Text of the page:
Academic journal article Texas Law Review

The Internalization of Corporate Patent Infringement: Challenging the Federal Circuit's Approach to Corporate-Participant Liability*

Academic journal article Texas Law Review

The Internalization of Corporate Patent Infringement: Challenging the Federal Circuit's Approach to Corporate-Participant Liability*

Article excerpt

A U.S. utility patent confers on its holder the limited right to exclude others from practicing the patent's claimed subject matter. This right is guaranteed by granting patentees a broad right to pursue a federal civil action to recoup the lost economic benefit of an infringed invention. However, while patentees can, and often do, bring infringement actions against corporate defendants, their ability to join the corporate participants-the owners and agents of the corporation-has been seriously limited by the U.S. Court of Appeals for the Federal Circuit. Such a narrow view of corporate-participant liability has little basis in traditional principles of agency and corporate law. This Note illustrates the Federal Circuit's deviations from the more conventional approach and highlights some of the resultant economic inefficiencies and public policy concerns. In the end, the Note concludes that there is much that patent law can learn from common law liability theory and offers some general principles that may guide reform.

I. Introduction

In 2007, the Eastern District of Virginia entered final judgment on a jury verdict finding that Vonage Holdings Corporation had infringed several patents owned by Verizon Services Corporation.1 Although a series of appeals and intermediate stays on payment ensued,2 Vonage eventually agreed to pay damages and future royalties of up to $120 million.3 Even with the Verizon litigation settled, however, Vonage' s infringement woes were far from over. In the meantime, it was forced to settle other patent disputes with Sprint Nextel Corporation (for $80 million)4 and AT&T (for $39 million),5 which, together, caused Vonage' s share price to fall 81% and brought the corporation to the brink of collapse.6 Today, with the future continuing to look look uncertain7 for this once promising firm,8 one can not help but wonder: in the event of bankruptcy, who will pay for the corporation's irresponsible failure to avoid infringing the intellectual property rights of others? Surely not Vonage itself; it is fairly clear that under a restructuring or liquidation plan, Vonage would pay cents on the dollar owed to Verizon, Sprint, and AT&T.9 Perhaps, then, we should consider the agents and owners who steered the corporation into its infringing activities. May the uncompensated patentees seek the deficiency from Vonage's CEO, who, just last year, was paid nearly $2 million in total compensation despite the firm's sinking share price?10 May they turn to the corporate shareholders, who ultimately stood to profit the most from the corporation's reckless behavior?11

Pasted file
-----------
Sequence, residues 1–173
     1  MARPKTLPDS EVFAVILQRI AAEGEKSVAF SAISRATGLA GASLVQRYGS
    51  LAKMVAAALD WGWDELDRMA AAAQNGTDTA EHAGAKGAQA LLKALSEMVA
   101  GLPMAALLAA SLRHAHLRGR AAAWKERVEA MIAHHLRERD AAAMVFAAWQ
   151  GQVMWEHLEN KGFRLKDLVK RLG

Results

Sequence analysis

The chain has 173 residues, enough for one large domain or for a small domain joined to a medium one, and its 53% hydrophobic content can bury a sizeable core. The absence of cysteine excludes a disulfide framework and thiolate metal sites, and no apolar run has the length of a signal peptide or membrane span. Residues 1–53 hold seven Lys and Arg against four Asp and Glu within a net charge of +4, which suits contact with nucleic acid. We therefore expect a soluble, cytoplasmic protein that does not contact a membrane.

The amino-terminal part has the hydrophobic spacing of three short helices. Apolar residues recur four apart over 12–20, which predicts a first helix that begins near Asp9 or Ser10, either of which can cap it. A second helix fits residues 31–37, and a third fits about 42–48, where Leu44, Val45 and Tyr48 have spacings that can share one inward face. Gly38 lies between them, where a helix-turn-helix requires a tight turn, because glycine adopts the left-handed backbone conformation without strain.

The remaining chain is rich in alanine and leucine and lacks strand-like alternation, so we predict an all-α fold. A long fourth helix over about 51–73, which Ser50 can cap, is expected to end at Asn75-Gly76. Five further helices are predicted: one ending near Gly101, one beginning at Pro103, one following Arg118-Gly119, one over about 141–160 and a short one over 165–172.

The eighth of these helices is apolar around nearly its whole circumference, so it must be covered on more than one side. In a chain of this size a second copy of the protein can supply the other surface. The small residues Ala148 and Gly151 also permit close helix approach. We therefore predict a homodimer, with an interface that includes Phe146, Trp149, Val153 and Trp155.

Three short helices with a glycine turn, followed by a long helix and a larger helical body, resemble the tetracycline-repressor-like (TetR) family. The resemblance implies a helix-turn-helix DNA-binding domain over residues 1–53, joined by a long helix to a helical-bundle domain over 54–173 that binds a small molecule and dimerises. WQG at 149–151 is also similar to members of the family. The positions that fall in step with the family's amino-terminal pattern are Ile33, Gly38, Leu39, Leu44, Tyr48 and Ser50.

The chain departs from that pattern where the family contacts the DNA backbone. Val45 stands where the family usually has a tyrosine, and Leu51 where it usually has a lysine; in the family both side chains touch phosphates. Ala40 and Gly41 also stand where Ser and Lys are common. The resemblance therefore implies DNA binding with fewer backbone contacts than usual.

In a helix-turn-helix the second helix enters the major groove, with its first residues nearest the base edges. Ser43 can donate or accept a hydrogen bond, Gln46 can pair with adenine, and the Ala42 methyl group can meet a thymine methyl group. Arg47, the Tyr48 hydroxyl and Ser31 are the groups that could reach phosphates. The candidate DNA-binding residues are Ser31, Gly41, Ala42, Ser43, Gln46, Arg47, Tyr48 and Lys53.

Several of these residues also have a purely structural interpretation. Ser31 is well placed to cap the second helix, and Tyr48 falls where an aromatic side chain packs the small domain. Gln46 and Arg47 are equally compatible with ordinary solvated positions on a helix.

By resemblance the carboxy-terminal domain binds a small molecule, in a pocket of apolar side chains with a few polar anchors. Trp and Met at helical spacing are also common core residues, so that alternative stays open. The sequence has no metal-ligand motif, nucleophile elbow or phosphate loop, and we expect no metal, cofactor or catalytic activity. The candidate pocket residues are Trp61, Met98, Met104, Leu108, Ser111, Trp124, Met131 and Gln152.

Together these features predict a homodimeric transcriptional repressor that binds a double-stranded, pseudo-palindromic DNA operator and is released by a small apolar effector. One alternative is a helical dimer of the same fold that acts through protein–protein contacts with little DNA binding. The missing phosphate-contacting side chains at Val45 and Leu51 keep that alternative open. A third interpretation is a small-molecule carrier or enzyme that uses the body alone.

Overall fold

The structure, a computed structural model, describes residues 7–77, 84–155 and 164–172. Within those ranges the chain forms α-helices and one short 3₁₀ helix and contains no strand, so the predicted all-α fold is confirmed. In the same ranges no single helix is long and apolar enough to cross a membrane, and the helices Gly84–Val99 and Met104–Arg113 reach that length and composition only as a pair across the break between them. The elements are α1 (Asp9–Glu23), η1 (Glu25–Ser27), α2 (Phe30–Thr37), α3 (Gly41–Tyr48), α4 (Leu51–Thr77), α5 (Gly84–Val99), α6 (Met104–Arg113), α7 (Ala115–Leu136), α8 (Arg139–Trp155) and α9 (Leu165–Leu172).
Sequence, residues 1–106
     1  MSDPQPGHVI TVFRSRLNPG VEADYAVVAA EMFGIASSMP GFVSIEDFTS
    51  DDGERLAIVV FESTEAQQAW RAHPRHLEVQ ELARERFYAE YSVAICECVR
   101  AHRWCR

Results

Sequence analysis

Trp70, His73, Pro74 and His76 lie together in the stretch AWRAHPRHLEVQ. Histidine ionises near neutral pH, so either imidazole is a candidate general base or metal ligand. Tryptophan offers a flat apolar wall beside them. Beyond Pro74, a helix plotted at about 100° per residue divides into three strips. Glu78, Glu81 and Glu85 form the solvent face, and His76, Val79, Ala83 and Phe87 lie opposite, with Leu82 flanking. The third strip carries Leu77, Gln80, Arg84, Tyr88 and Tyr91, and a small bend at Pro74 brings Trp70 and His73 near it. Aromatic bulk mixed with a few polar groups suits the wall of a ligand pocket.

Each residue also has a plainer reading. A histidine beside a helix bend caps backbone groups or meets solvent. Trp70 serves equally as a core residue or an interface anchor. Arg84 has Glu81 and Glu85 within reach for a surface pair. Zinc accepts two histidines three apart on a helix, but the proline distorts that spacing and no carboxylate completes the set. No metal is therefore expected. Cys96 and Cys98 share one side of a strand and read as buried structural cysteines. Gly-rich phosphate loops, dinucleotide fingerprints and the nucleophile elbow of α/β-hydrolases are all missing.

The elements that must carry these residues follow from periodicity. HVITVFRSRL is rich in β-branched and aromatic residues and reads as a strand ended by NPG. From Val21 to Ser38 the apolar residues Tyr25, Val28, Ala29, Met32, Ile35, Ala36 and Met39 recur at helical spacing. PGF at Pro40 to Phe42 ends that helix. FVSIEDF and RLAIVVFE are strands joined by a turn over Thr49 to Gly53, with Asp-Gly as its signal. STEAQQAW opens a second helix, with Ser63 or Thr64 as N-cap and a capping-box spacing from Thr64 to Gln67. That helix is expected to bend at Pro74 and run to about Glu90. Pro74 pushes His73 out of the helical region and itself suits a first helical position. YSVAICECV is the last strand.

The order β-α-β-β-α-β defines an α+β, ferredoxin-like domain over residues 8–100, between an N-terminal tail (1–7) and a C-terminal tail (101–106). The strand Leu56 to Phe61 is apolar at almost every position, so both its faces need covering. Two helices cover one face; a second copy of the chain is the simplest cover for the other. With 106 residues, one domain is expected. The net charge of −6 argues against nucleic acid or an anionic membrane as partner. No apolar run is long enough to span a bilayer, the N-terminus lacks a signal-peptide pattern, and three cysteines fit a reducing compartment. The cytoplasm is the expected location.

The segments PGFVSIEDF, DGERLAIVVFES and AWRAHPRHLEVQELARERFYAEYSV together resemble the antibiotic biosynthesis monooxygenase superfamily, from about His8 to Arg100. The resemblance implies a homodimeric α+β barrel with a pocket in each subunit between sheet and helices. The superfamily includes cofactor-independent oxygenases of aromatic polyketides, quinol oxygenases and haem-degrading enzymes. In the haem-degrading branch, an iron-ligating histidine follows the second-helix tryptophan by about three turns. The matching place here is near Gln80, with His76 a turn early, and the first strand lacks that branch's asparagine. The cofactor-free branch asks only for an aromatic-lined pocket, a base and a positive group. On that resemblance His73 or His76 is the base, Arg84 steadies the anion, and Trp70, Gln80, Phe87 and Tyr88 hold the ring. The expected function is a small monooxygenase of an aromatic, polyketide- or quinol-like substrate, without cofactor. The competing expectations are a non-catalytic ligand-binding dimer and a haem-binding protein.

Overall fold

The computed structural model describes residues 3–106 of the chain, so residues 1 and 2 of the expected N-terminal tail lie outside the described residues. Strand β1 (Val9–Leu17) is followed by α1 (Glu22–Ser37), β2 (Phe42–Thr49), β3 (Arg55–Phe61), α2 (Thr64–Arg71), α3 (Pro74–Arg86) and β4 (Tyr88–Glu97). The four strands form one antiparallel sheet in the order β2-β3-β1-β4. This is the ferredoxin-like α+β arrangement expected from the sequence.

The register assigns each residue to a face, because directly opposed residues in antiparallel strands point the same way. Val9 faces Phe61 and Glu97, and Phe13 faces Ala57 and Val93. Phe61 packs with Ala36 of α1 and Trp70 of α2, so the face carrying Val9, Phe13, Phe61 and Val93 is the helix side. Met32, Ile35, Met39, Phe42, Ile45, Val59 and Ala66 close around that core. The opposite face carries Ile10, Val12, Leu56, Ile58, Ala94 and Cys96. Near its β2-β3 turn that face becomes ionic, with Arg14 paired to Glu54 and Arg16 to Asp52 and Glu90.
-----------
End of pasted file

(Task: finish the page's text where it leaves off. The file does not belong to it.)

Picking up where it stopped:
If the underlying tort in the Vonage example were anything other than patent infringement, these questions would call upon the conventional agency and corporate law doctrines that have traditionally governed the liability of corporate participants.12 These principles, developed over hundreds of years by the common law,13 are carefully designed to strike a difficult balance between competing social policies: promoting efficient look uncertain7 for this once promising firm,8 one can not help but wonder: in the event of bankruptcy, who will pay for the corporation's irresponsible failure to avoid infringing the intellectual property rights of others? Surely not Vonage itself; it is fairly clear that under a restructuring or liquidation plan, Vonage would pay cents on the dollar owed to Verizon, Sprint, and AT&T.9 Perhaps, then, we should consider the agents and owners who steered the corporation into its infringing activities. May the uncompensated patentees seek the deficiency from Vonage's CEO, who, just last year, was paid nearly $2 million in total compensation despite the firm's sinking share price?10 May they turn to the corporate shareholders, who ultimately stood to profit the most from the corporation's reckless behavior?11

If the underlying tort in the Vonage example were anything other than patent infringement, these questions would call upon the conventional agency and corporate law doctrines that have traditionally governed the liability of corporate participants. …

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